Having tried a method I dislike immensely last week, zig rigs, I’ve tried another one this week that I enjoy just as little… the pellet waggler! I’ve had a couple of the new Sonik Sports SKSC commercial fishery rods sent down to me, an 11’ feeder and matching pellet waggler rod, so thought I’d better get out and give the float rod an outing on a local club lake. I wasn’t looking forward to a day of arm aching, constant casting and catapulting, as I much prefer a more sedate day on the bank, but sponsors needs must… Until last week, I didn’t even own a suitable float for pellet waggler fishing, instead having a tube full of stick floats, bodied wagglers and crystal quills, so after putting in an order with Premier Floats, I was delighted to receive a set of four floats of differing weights which would be suitable. In truth, the delivery wasn’t exactly what I’d ordered, but a quick phone call rectified the issue, and I thought I’d mention their excellent customer service as it deserves praise; if you are looking for a great company to deal with, give them a call! I wanted to fish at around fifty yards, so selected a loaded float of 10g, slipped on a couple of float stops, and attached a pre-tied mono hook link terminating in a size 10 barbless hook with a pellet band. As soon as I’d arrived, I started flicking a few pellets every thirty seconds or so, hoping to see a swirl as hungry carp answered the dinner bell, and after fifteen minutes, I noted the first bow wave as carp moved in… I opted to use Spotted Fin 8mm Premium Coarse pellets, available in a 3kg pouch, which have a uniform sink rate, and fast breakdown. I didn’t particularly want carp grubbing around on the bottom, so these pellets fit the bill perfectly, and a single pellet was banded to the hook then cast out beyond the baited area. I quickly fired out a few more freebies, and wound the float back into the target area. Pre-loaded, it cocked immediately, and then just as quickly shot out of sight; first bite! I struck to set the hook, and the new rod picked up the line quickly to connect with the first double figure carp of the day; easy! I was able to quickly shift the fish away from the other carp seeking the falling pellets, and swiftly got it to the net, lifted it onto the mat, removed the hook and returned it after a quick snap, all within a minute; pellet waggler fishing is fast and furious! I commenced the regular (monotonous) cycle of catapult, cast, catapult, and within ninety minutes, had banked five double figure carp, and lost one to a hook pull, which wasn’t a bad return. Of the five carp landed, a couple of them already had pellet hooks embedded in their mouth, indicating that anglers weren’t really prepared for double figure carp. It’s well known that the fish in this particular lake go to around 20lb, so if you are fishing for similar specimens on your lake, then please gear up for them. I was using 10lb line straight through to an 8lb hook link, which in a water with few in any snags was safe, so why do anglers still insist on using flimsy hook links and mainlines which obviously won’t cope? Beggars belief really. Personally, I’d rather a few carp shy off the bait than hook them, and then be snapped to leave fish trailing line. In fact, on a later session, I even had a carp in my swim trailing not only the hook link, but also the mainline and pellet float! Very poor angling by someone… After two hours, I’d had enough. Pellet waggler isn’t really my style, I find it a bit labour intensive, and when I’m trying to relax, I prefer something a little more relaxing. I’d caught enough fish to prove the rod, and if you are a match or pleasure angler looking for a pellet waggler rod that won’t break the bank, then the new SKSC range, coming in at just £39.99 should surely be on your check list. Match it with an SKSC reel too, and for less than £75 you have a functional, good quality set up for your session. They do the job well, provide fun fishing, and easily handle double figure carp; what more can you ask for?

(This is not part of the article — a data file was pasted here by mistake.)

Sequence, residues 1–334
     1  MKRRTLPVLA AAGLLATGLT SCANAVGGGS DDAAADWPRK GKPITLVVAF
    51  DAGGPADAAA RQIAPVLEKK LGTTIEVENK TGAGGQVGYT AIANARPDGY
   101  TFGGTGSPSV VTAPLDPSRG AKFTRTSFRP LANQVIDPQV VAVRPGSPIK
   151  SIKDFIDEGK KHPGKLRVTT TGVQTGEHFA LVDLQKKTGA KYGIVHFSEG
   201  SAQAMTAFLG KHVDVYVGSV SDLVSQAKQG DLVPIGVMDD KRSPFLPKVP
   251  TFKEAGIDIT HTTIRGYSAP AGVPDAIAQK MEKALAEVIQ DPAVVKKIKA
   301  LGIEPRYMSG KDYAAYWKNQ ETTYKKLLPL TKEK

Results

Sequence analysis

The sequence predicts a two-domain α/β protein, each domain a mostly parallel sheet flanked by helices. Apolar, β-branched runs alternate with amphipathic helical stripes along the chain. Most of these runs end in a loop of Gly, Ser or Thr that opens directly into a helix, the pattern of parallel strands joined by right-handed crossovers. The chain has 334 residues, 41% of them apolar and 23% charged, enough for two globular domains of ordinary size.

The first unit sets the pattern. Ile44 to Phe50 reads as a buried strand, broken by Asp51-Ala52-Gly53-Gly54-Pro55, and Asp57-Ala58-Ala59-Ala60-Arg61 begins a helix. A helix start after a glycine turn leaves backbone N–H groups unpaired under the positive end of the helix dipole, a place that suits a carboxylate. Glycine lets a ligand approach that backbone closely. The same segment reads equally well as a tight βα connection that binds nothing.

23 days ago
Clint Walker: Tench and Bream at Rode Pool